Farmers Are Racing to Drain Their Massive Hog Manure Ponds, Before Hurricane Florence Washes Them Away
While Hurricane Florence is making a million residents of the Southeast face evacuate their homes, hog farmers are facing a much different kind of evacuation: draining the massive manure lagoons that result from high-density factory farming, before the storm floods them out.
Industrial-scale pig farms shift hog output into giant pools for management. These lagoons contain the manure and gradually compost them into fertilizer, but they’re effectively open-air waste pits, only somewhat secured against flooding. Overflowing or breached lagoons can render drinking-water supplies dangerous, cause phosphorus blooms, poison animals and agricultural land, and spread farm-related pollutants and toxins, like pesticides, fuel residue, and chemical additives. These spills kill wildlife and livestock.
Also, it smells terrible.
It’s this putrid horror that North Carolina is faced with, as Hurricane Florence barrels its way to the U.S. coast. The state has about 2,300 industrial pig farms and 9 million hogs. Those pigs and other animals produce 10 billion gallons of untreated sewage annually, according to the Environmental Working Group. North Carolina’s 100-year-flood plains still house 62 industrial hog farms and 30 chicken-raising operations, with a combined 532 manure ponds within the floodplain or within 100 feet of it, the Environmental Working Group said in a statement today.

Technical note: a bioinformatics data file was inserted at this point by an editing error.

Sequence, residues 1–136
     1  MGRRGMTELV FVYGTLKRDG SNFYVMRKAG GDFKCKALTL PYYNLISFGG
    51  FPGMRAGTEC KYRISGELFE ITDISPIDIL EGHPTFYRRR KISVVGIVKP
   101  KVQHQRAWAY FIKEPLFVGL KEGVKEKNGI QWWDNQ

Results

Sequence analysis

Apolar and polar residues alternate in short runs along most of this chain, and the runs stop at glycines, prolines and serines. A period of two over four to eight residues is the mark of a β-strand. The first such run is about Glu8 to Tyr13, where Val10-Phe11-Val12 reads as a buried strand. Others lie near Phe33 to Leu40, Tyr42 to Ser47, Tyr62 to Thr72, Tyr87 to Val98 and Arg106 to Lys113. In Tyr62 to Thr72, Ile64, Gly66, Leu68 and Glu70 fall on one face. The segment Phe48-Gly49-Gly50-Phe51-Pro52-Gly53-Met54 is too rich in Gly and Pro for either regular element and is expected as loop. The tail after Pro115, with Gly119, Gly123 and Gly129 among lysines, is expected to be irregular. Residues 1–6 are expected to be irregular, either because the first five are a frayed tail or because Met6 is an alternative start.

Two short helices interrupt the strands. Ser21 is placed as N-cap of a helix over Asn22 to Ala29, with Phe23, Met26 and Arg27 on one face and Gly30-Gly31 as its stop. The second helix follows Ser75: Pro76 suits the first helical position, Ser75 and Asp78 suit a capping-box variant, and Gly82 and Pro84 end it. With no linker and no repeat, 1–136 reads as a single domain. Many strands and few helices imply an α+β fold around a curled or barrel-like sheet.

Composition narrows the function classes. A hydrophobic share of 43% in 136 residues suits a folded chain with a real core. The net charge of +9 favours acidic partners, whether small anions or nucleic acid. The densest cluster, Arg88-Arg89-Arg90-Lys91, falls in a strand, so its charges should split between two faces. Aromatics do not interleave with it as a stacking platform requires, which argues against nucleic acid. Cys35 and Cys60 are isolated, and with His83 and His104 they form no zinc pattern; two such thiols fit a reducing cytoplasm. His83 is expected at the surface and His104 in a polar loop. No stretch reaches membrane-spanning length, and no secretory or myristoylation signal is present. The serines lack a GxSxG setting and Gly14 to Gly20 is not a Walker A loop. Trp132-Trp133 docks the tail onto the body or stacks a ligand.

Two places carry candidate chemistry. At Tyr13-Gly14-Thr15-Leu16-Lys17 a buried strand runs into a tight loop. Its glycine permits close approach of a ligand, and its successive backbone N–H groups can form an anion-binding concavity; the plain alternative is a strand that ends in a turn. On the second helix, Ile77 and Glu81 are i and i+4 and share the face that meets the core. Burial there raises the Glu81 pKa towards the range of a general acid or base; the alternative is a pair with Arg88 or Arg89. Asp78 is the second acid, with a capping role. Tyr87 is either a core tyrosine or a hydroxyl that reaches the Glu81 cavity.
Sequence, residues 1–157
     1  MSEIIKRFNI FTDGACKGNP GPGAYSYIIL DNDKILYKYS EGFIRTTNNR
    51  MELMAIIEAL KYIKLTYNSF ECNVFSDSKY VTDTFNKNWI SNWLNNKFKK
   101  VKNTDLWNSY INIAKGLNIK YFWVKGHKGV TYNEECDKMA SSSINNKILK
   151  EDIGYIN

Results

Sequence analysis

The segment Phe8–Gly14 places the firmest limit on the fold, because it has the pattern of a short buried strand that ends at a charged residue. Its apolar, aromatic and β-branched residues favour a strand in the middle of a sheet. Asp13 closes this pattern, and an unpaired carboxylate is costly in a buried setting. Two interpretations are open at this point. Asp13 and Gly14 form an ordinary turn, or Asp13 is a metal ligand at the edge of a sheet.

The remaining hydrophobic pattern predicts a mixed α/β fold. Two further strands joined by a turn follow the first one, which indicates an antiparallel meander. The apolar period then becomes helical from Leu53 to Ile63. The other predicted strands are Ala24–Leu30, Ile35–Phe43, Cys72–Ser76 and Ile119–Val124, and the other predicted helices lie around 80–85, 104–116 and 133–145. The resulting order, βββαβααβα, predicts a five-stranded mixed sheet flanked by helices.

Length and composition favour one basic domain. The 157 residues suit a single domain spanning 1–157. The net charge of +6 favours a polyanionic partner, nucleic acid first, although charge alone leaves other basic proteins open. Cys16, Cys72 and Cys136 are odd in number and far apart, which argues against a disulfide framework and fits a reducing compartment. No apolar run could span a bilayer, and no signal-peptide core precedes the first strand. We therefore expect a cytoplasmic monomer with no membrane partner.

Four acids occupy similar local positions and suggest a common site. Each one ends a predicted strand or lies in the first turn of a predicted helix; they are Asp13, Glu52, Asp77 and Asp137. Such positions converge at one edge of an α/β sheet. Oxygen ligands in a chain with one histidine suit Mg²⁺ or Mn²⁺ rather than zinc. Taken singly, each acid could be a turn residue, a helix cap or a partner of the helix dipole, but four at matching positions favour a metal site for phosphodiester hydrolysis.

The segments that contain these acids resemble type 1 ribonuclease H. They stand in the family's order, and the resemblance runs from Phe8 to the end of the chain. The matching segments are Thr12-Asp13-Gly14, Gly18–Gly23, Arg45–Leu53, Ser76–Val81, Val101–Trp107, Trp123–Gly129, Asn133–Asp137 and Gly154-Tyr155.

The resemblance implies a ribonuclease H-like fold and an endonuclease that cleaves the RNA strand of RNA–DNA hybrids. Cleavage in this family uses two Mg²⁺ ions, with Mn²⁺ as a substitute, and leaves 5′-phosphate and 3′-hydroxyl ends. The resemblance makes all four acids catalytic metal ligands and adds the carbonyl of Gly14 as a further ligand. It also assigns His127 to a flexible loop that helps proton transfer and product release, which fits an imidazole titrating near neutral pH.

Hurricane Florence is expected to hit as Category 3 or Category 4 storm, and could drop three feet of rain. Due to improvements, farmers say they are better prepared than they were 20 years ago when Hurricane Floyd, a Category 2 storm, hit North Carolina in 1999. Dumping almost two feet of rain in places, Floyd caused dozens of pits to overflow and lagoons walls to fail, killing more than 20,000 pigs.
Since then, hog farmers have also taken steps to reduce the manure lagoons by spraying fertilizer on fields. The state has bought out dozens of destroyed and low-lying farms following Floyd as well. During Hurricane Matthew in 2016, which released 12 to 18 inches of rain in some areas, the lagoons retained their integrity, though some overflowed and lagoons at one farm leaked.
If that’s not bad enough, it gets worse. North Carolina also has more than two dozen storage pits owned by Duke Energy, the state electric utility, which contain untreated coal ash. Coal ash contains arsenic, lead, mercury, and other heavy metals and toxic compounds. But fortunately the utility has court-ordered efforts underway to empty the coal ash pits by 2029, so levels of wastewater are already lower than during previous storms.